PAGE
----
I, The Supreme - Themes - Power


The novel's format, its various multiple sources, its manipulation of linear time and its inclusion of supernatural elements (talking dogs and meteor rifles, for example) all serve to deconstruct the idea of absolute power, by creating an ambiguity between fact and myth, between Dr Francia and the Supreme, and between Roa Bastos and the Compiler. Francia places himself above all power and history: "I don't write history. I make it. I can remake it as I please, adjusting, stressing, enriching its meaning and truth." Yet in the Compiler's notes and retelling of events, the novel is presented as a genuine version of history, one that contradicts and questions the Supreme's. In their collectivity, they deny the illusion of absolute power, whether the power is that of Francia the dictator or Roa Bastos the writer. This ambiguity between myth and fact is elaborated on at the end of the novel in the fictional debate over the Supreme's remains; it questions the nature of national political myth, and how heroes and villains are created in it and where the Supreme falls into those categories after being portrayed as both by Roa Bastos. As Deiner poses the question raised by the novel, "Is he to be portrayed as a valiant leader who held the country together in the face of enormous external aggression, or as a despot who laid the basis for almost two centuries of exploitation of Paraguay’s peoples by its leaders?" The answer is not so much of importance to the novel, so much as the fact that the question itself exists, thereby confirming the power of writing over so called "absolute" power.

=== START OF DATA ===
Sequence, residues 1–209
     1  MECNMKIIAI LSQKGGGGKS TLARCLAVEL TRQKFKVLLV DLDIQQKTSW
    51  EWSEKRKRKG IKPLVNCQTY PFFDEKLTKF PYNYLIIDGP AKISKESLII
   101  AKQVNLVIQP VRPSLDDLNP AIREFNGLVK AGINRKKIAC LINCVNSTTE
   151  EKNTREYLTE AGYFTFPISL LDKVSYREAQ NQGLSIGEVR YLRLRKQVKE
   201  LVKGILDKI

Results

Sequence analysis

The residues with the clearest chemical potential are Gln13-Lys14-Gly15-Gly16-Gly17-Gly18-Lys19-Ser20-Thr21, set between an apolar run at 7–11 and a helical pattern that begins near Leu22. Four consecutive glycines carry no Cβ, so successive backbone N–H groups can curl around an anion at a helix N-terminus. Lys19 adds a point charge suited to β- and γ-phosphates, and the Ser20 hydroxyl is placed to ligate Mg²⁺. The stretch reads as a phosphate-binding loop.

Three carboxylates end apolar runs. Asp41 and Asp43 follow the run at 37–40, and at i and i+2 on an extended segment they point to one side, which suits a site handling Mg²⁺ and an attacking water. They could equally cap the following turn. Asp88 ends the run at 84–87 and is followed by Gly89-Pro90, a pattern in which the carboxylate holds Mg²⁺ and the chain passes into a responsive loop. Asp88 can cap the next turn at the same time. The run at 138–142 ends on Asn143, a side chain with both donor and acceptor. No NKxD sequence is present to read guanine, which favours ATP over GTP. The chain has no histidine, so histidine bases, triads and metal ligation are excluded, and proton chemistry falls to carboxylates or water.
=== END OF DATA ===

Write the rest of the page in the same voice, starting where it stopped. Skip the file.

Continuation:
On a more basic level, the novel also has political themes to it. As John Deiner writes, "I, The Supreme is a surprisingly political novel. It is a commentary on Paraguay's first great political leader and a condemnation of the country's last, General Alfredo Stroessner." Deiner contends that the political system and occurrences in I, the Supreme are symbolic of those of other Paraguayan leaders. Suggesting the book is connected to more recent leaders of Paraguay, Deiner writes "although ostensibly a fictionalized account of the life of El Supremo, the novel is also a thinly disguised attack on the politics and rule of Alfredo Stroessner, ruling Paraguay at the time I, the Supreme was published (in exile) in 1974." In summary, Deiner suggest that the novel "serves as the quintessential example of the personalist dictator model of Latin American political systems. Francia's was one of the earliest versions of this model, and Stroessner's was one of the last personalist dictator regimes."

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Famous quotes containing the word power:

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    I hate this shallow Americanism which hopes to get rich by credit, to get knowledge by raps on midnight tables, to learn the economy of the mind by phrenology, or skill without study, or mastery without apprenticeship, or the sale of goods through pretending that they sell, or power through making believe you are powerful, or through a packed jury or caucus, bribery and “repeating” votes, or wealth by fraud.
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